Irene and Jolyon are named as co-respondents by Soames in divorce proceedings but the suit only serves to draw them closer together. When the divorce is finalized, Jolyon and Irene marry ... See full summary »



(dramatisation), (novel)

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Episode credited cast:
Terence Alexander ...
John Barcroft ...
John Baskcomb ...
Mischa De La Motte ...
Anne De Vigier ...
Lee Fox ...
Dr. Cumming
Sarah Harter ...
Francie Forsyte
Maggie Jones ...
Cameron Miller ...
Dalia Penn ...
Ellen Pollock ...


Irene and Jolyon are named as co-respondents by Soames in divorce proceedings but the suit only serves to draw them closer together. When the divorce is finalized, Jolyon and Irene marry and she later gives birth to a son, also called Jolyon but who they will refer to as Jon. Soames decides to retire and sells his practice to another firm. He will continue his art collection and bequeath it to the nation on his death. He proposes to Annette Lamotte who accepts. They are soon married but just as Annette goes into premature labor, Soames' father James takes a turn for the worse and is lying on his deathbed. Annette gives birth to a daughter, Fleur. Holly and Val marry in South Africa. Written by garykmcd

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Release Date:

21 December 1969 (USA)  »

Company Credits

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Technical Specs

Sound Mix:

Aspect Ratio:

1.33 : 1
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Did You Know?


Clair de Lune
Written by Claude Debussy
(Irene plays on piano)
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User Reviews

Birth/Death of a Forsyte Generation
1 November 2015 | by (Cieszyn, Poland) – See all my reviews

"So you're together..." the man of property says to the couple in an embarrassing way.

Yes, Irene and her trustee Jo are together and no one can any longer stand in their way. The harsh confrontation between two cousins, Soames and Jo, begins this episode. But there is far more important aspect highlighted here: a borderline between two ages within the Forsyte family, passing of an age and coming of a new hope; some die, others are born.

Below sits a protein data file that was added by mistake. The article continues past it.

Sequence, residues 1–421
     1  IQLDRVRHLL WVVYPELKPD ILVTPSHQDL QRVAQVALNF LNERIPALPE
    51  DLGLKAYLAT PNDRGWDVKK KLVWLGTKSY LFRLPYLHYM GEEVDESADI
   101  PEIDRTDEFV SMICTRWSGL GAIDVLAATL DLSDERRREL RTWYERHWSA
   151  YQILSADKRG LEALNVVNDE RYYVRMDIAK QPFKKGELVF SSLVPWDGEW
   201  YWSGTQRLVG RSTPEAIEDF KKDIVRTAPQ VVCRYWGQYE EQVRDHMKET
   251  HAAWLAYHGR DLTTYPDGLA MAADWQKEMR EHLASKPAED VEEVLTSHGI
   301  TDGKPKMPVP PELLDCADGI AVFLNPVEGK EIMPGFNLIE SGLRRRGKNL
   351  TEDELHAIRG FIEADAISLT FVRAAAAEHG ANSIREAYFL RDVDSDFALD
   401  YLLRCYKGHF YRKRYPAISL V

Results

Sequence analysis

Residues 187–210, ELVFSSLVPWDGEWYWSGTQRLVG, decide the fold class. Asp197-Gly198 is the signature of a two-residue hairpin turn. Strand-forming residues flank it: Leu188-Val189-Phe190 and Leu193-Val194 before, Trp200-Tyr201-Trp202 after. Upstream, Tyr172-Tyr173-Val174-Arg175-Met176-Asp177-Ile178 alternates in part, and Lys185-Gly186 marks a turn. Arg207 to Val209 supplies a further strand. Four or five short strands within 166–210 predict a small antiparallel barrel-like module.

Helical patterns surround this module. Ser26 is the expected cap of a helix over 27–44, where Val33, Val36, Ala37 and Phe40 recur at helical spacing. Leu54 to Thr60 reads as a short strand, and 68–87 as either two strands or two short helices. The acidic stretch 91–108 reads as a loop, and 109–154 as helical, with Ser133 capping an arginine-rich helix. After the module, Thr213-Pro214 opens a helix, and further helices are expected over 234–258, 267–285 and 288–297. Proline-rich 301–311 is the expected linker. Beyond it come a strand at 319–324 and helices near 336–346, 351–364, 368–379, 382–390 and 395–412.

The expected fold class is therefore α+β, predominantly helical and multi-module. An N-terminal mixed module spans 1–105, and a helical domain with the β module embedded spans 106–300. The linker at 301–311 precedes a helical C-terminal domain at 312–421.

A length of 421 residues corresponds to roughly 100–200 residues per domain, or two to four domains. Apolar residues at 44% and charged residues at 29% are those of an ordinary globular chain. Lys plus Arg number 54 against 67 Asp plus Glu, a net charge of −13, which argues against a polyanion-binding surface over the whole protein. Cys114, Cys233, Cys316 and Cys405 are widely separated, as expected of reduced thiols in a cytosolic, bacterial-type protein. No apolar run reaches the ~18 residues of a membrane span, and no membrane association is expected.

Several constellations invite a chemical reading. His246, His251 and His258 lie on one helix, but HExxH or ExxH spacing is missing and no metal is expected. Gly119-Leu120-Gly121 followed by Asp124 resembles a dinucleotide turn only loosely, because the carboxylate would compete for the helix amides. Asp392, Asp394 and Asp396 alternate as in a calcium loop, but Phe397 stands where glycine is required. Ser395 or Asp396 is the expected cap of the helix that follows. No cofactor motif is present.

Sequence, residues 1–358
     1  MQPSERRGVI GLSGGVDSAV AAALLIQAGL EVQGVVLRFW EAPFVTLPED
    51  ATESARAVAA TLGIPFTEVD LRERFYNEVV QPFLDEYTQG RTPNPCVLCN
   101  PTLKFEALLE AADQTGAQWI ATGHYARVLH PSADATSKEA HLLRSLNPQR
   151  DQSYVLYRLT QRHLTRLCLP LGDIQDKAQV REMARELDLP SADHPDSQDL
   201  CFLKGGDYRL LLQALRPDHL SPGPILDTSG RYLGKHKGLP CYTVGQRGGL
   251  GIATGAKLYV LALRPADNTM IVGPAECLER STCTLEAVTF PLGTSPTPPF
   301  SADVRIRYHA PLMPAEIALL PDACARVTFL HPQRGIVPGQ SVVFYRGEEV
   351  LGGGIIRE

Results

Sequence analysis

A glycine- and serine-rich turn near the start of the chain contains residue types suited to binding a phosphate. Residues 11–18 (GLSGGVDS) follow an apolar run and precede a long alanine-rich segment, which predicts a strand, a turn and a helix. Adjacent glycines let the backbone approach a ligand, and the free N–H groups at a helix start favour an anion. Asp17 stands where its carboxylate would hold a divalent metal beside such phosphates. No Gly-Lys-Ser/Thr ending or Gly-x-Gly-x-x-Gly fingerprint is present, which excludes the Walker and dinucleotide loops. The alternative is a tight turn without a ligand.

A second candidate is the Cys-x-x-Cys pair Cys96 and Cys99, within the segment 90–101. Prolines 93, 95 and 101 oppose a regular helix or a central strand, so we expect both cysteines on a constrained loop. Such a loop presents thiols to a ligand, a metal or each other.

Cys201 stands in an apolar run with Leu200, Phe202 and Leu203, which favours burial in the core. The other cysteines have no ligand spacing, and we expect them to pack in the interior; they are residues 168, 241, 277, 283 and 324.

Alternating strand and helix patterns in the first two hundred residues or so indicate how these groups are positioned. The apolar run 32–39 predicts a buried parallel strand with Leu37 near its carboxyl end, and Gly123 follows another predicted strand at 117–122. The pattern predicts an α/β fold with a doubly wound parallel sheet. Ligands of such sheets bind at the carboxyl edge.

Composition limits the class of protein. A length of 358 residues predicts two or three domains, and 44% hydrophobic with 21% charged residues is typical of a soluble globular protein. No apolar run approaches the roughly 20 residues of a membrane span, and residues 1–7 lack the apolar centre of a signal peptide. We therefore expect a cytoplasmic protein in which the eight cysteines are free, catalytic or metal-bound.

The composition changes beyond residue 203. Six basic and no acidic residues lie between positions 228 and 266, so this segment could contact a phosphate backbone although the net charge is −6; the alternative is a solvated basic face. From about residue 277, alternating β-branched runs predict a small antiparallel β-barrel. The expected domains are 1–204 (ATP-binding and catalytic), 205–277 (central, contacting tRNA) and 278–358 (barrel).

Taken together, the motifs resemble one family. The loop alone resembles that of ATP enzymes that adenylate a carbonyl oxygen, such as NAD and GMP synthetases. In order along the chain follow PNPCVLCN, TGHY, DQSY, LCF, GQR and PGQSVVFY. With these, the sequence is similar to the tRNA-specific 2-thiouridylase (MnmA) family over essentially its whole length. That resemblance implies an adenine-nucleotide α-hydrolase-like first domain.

In one scene, Jo says in his typically reflective manner "We live in the memory of those who loved us. When they are gone, we must die too." He refers to his son Jolly who dies at the war in Africa. But that is not the only passing...

With that in mind, Lawrie Craig's screenplay beautifully adapts the novel's chapters focusing on that continuity of events. Indeed, the most significant moment of the episode is the death of Queen Victoria and the interesting archive footages incorporated into the scenes and nicely put within the frame of the plot. The queen's death is certainly an event that makes all England united, prompts them stop for a while and afford themselves a moment of silence when the funeral procession passes by. Even Forsytes are united, (some elder ones saw the queen crowned) but some of them find this togetherness of thoughts temporary... Here, a mention about the scene when Soames and Annette are in the crowd near Jo and Irene. Soon, the story leads us to stark contrasts.

Lawrie Craig's dramatization of the episode along with David Giles' skillful direction mark the accurate discrepancies between these two couples. While Jo and Irene appear to build their life together having learned on certain mistakes made in previous relationships and focus primarily on mutual understanding, humour, enchantment and a sense of confidence and comfort, Soames and Annette, despite the age difference, occur to highlight property (something indeed easy to foresee). Consider the two moments: first Jo asking Irene "Am I to be trusted?" and Soames to Annette "What do I offer you?" offer... Although he seems to do all his best and his intellect reveals his age, there is a gap of emotional maturity. Simply too much of authoritative approach, too many parental looks. Referred to as "perfect match for anyone, considerable, careful" by some members of the elderly generation, he does not appear to be one for Annette. Yet, she decides to marry him. There is a wonderful scene not to be skipped at uncle Timothy's when Annette is introduced to the Forsyte family. Some elderly ladies again burst of curiosity, other elderly and younger gentlemen are more skeptical calling Soames 'a lucky devil,' the humour reaches its climax when she mentions Soho.

On the subject of death vs. birth, the drama is increased for Soames alone. After he makes a risky decision about the birth of his child due to certain complications, he goes to visit his dying father James. Mind you the moment he comes to his father. There lies the key to Soames' upbringing and a wonderful source of psychological analysis. He says to his father "I have a son" though he already knows that it is a daughter. This news of male representative of a new generation allows his old father feel at more ease in his last moments on earth.

But Soames' daughter is not the only new life, Irene is also expecting. Will their lives be united somehow? Can little Fleur bring some hearty feelings to the legal mind of her father?

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